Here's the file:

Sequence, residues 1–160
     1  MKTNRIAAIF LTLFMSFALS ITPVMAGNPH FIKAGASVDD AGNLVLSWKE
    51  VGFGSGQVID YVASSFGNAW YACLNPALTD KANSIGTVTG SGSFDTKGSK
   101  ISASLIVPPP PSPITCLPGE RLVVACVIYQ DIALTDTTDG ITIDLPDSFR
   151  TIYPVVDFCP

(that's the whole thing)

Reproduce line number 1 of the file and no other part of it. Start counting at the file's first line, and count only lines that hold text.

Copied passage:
Sequence, residues 1–160